Once this evidence became public, outraged victims of the Camp Lejeune water tragedy brought civil lawsuits against the government to get financial compensation for injuries caused by exposure to the toxic water. Unfortunately, these cases were legally barred due to strict laws in North Carolina imposing time limits on tort claims.

In August 2022, Congress took action to correct this obvious injustice by passing the Camp Lejeune Justice Act (CLJA). The CLJA permits any individual who worked or lived at Camp Lejeune for at least 1 month between 1953 and 1987 the right to bring a civil lawsuit against the government for harm caused by the toxic water at Lejeune. The CLJA essentially removed the legal barriers that had prevented the Camp Lejeune victims from bringing civil lawsuits.

In the months since the CLJA was passed, thousands of Camp Lejeune cases have already been filed. As of December 2022, over 15,000 CLJA claims have been filed with the Navy JAG Tort Claims Unit.

How Long Will it Take For Settlements in Camp Lejeune Cases?

Thousands of Camp Lejeune victims (or their surviving families) who have filed cases under the CLJA are now left to wonder how long they will have to wait before getting financial compensation. Will the government make settlement offers and how long will that take? Before we speculate on how long it could take for Camp Lejeune cases to settle, we need to briefly explain the procedural steps that CLJA claims must go through.

STEP 1: File a Camp Lejeune Claim With Navy JAG

The CLJA gives Camp Lejeune victims the right to file civil lawsuits against the federal government. However, before a civil lawsuit can be filed in court, the CLJA requires all prospective plaintiffs to file a preliminary “administrative claim” with the Navy Judge Advocates General Tort Claims Unit (JAG).

Filing these “administrative claims” is mandatory under the CLJA. Before any Camp Lejeune plaintiff can file a civil lawsuit in court they must first show that they properly filed an admin claim with JAG and that JAG acknowledged receipt of the claim. Once the claim is filed with JAG, claimants cannot move forward with their lawsuit unless and until: (a) JAG formally denies the claim, or (b) 6 months have passed since JAG acknowledged the claim and no action has been taken.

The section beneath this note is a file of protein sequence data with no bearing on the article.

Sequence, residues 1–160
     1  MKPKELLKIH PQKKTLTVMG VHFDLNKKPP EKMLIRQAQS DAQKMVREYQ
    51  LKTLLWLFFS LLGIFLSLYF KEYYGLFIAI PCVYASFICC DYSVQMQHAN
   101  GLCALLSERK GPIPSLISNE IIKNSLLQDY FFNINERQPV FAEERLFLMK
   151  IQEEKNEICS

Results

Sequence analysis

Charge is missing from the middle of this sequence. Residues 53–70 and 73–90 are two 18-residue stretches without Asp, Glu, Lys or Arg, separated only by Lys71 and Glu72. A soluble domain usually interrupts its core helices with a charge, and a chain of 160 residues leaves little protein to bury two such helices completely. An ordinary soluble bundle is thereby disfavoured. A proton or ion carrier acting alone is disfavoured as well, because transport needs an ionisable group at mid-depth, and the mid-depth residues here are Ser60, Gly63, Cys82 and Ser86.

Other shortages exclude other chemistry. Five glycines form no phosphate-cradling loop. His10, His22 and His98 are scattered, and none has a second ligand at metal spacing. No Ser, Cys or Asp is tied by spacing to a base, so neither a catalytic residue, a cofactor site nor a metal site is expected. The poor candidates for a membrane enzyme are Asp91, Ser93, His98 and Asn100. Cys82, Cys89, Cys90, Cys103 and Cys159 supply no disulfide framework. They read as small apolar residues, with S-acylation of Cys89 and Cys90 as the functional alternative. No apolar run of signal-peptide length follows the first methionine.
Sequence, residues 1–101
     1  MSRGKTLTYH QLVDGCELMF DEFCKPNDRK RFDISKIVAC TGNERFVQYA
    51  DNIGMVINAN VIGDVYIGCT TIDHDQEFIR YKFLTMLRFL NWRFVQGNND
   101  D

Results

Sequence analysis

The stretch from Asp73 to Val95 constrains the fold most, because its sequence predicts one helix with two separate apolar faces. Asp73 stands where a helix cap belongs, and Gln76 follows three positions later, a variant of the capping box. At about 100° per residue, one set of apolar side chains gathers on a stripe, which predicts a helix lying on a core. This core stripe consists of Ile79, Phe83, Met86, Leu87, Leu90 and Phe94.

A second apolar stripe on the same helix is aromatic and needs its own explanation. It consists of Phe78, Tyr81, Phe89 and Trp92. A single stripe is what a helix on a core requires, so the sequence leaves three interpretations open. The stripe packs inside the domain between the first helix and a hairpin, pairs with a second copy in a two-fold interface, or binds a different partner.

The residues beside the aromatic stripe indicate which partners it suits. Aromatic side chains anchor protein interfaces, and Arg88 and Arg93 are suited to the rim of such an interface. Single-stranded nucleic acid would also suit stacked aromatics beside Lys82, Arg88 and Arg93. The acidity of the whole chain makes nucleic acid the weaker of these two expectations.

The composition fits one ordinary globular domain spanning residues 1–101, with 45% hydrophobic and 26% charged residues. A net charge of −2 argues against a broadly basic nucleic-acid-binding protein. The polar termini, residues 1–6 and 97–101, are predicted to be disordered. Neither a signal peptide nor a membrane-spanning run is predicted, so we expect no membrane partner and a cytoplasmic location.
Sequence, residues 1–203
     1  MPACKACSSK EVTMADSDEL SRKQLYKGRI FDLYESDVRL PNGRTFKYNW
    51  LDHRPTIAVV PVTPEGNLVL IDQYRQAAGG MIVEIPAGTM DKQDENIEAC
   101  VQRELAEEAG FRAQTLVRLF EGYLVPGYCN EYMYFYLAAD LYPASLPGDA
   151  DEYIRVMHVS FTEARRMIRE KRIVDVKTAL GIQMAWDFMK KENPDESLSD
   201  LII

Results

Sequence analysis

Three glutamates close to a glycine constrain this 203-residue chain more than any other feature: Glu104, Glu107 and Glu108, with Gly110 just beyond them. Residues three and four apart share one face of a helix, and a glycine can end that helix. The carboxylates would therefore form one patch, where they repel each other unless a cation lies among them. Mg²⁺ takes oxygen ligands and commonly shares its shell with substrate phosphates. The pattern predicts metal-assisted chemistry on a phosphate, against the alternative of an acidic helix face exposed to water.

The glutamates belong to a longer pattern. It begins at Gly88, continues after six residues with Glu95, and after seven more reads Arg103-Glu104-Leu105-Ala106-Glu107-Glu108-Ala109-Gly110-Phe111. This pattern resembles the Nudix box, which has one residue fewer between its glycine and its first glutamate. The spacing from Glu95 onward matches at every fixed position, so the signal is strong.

Initially, many Camp Lejeune lawyers (ourselves included) optimistically believed that JAG would use the administrative claim process as a chance to make settlement offers in certain cases. Unfortunately, it does not look like that is going to be the case. The JAG Tort Claims Unit has been flooded with CLJA claims. There has been no settlement offers made to date and it doesn’t seem like JAG has the staffing resources to handle that task anyway.

At this point, JAG is still not even accepting or reviewing supporting documents for CLAJ claims. It now appears that the JAG administrative claim process will simply be a mandatory 6-month speed bump that most Camp Lejeune cases will have to go through.

STEP 2: File a Civil Lawsuit

Camp Lejeune victims can file a civil lawsuit once JAG either formally denies their admin claim or 6 months pass and JAG takes no action on the claim. Once that happens, Camp Lejeune cases must be filed in the U.S. District Court for the Eastern District of North Carolina. This is the mandatory venue for all Camp Lejeune lawsuits.

Once the civil case is filed, a summons will be issued and then served on the government. Once that summons is served, the clock starts ticking on deadlines in the case. At some point, we believe that the Camp Lejeune lawsuits will be consolidated together much like a class action MDL. There will simply be too many Camp Lejeune cases for the government to defend each one individually.

STEP 3: Go Through Civil Discovery Process

Once a Camp Lejeune lawsuit is filed, plaintiffs will need to go through some type of civil discovery process. This is the process in civil lawsuits where each side gets to learn facts and obtain documents or evidence from the opposing party. Discovery usually involves depositions of the plaintiff and key witnesses and document requests.

The discovery process in Camp Lejeune cases will be different than in normal civil cases. The Camp Lejeune cases will have to be consolidated in some way because there will be too many for individual discovery to happen in each case. The discovery process will likely be similar to what we see in class action MDLs in mass torts. Each plaintiff will likely have to provide some type of standard discovery question form and provide certain documents (e.g., service records, proof of residence, medical records).

Wait for Government to Make a Settlement Offer

Once the consolidated discovery requirements are satisfied, Camp Lejeune plaintiffs will just need to wait and see if the government makes a settlement offer. The government lawyers will use the information provided in discovery to identify those cases in which the plaintiffs appear to have valid claims.